“The Conversion on the Way to Damascus” by Carvaggio, circa 1600. This was the moment when God became visible in more than one way to Saul/Paul.
At one point in his first letter to Timothy, the Apostle Paul breaks into a kind of benediction: “Now to the King eternal, immortal, invisible, the only God, be honor and glory forever and ever.” (1:17) This is a great statement of praise, but what strikes me is the list of attributes he applies to God.
Eternal means He has no beginning or end – He is the creator of time and beyond time. Immortal means He Himself is not created, and He can never not be. But what exactly does it mean that our God is “invisible”? What is Paul getting at here? Continue reading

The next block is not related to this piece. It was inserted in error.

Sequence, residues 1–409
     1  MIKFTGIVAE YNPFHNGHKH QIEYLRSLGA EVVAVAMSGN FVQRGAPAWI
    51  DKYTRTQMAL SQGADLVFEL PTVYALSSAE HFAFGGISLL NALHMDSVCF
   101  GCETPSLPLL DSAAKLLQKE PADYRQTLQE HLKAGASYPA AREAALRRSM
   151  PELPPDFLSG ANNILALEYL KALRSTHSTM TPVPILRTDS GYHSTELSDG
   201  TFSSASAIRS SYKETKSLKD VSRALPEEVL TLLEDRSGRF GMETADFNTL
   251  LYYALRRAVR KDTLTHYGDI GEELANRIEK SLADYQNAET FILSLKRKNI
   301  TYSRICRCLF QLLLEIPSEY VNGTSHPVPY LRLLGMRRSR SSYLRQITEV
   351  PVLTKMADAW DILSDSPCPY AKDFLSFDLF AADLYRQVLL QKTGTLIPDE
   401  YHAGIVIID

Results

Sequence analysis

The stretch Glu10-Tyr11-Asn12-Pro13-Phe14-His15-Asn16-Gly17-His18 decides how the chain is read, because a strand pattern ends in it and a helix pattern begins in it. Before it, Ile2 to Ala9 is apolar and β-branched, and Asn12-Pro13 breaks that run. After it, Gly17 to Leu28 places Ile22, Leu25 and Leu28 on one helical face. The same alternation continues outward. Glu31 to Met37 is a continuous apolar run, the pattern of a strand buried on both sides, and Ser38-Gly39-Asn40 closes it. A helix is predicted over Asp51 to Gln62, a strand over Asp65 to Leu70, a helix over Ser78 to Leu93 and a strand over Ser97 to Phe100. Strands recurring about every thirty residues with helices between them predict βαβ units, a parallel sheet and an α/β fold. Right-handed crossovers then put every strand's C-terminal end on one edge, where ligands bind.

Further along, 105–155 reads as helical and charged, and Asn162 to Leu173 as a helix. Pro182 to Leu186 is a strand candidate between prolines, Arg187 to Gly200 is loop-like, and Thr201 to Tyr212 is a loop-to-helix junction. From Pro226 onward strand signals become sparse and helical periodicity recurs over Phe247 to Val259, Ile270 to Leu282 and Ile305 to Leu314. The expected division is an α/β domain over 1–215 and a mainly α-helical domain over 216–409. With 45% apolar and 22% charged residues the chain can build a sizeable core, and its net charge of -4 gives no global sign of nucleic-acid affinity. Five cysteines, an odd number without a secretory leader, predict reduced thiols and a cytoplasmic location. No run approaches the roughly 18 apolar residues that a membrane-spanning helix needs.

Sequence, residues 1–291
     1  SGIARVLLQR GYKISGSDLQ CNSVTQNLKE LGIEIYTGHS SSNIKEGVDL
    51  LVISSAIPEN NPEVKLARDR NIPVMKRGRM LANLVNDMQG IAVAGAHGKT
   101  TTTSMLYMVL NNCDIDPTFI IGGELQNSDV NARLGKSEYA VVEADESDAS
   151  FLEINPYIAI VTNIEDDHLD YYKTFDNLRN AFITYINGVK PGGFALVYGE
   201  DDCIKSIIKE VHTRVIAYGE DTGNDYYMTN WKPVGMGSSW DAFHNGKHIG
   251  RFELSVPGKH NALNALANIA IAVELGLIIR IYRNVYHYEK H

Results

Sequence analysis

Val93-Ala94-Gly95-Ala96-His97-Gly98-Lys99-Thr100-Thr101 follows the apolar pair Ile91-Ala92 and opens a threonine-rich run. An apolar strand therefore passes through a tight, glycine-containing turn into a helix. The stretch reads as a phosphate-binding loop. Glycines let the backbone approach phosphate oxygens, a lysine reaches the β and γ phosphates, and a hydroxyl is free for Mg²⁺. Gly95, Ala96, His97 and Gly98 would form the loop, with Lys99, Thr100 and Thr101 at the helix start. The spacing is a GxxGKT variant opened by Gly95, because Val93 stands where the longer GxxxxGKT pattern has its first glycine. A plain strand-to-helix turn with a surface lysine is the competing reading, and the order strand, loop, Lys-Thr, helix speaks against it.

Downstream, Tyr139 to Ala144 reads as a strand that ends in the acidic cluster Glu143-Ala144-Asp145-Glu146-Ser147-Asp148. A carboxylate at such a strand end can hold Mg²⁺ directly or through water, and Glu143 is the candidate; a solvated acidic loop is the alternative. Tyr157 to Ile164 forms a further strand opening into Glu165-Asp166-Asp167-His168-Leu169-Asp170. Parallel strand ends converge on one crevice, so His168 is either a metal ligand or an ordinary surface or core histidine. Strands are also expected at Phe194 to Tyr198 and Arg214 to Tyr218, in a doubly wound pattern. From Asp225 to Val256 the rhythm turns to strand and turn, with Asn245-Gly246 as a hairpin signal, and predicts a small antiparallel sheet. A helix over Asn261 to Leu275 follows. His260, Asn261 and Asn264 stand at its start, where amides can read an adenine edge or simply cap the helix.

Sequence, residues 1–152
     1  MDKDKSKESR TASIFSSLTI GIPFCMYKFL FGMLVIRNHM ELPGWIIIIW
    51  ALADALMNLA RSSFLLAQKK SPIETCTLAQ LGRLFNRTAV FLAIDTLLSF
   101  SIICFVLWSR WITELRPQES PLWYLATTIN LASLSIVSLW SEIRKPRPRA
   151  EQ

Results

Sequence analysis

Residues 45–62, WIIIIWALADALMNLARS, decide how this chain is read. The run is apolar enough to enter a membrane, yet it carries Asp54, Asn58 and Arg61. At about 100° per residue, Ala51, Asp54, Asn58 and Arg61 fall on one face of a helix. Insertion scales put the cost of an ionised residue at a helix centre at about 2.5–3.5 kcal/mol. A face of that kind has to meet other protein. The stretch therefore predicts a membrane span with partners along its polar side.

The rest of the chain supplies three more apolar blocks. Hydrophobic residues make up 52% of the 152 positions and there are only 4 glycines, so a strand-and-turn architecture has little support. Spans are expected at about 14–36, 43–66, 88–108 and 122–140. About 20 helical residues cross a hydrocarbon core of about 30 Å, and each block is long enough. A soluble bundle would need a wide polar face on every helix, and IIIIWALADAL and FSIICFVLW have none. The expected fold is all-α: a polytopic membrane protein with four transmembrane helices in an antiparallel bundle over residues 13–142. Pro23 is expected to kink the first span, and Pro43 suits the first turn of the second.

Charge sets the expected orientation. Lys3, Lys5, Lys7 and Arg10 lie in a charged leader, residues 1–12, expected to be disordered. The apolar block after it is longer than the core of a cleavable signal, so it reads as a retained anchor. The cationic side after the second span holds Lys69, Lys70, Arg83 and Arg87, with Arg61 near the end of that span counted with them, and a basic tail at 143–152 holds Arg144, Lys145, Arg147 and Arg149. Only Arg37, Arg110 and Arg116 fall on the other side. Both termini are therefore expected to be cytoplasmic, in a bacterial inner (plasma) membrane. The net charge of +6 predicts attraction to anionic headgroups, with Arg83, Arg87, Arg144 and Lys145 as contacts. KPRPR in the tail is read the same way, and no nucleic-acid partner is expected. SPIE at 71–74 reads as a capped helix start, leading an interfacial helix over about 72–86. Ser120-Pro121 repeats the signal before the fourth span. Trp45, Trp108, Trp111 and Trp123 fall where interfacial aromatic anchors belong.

“Timothy and Lois” by Willem Drost, circa 1650s
In the coming days and weeks, I would like us to take a break from all of this political commentary and dig into a lovely little book of the Bible that has many practical applications for the Church today: 1 Timothy. I intend to bring you a series of essays, hopefully little more than 1,000 words each, that address some of the aspects of this letter that have left the greatest impression on me. Today, we start with the concept of “sound words”. Continue reading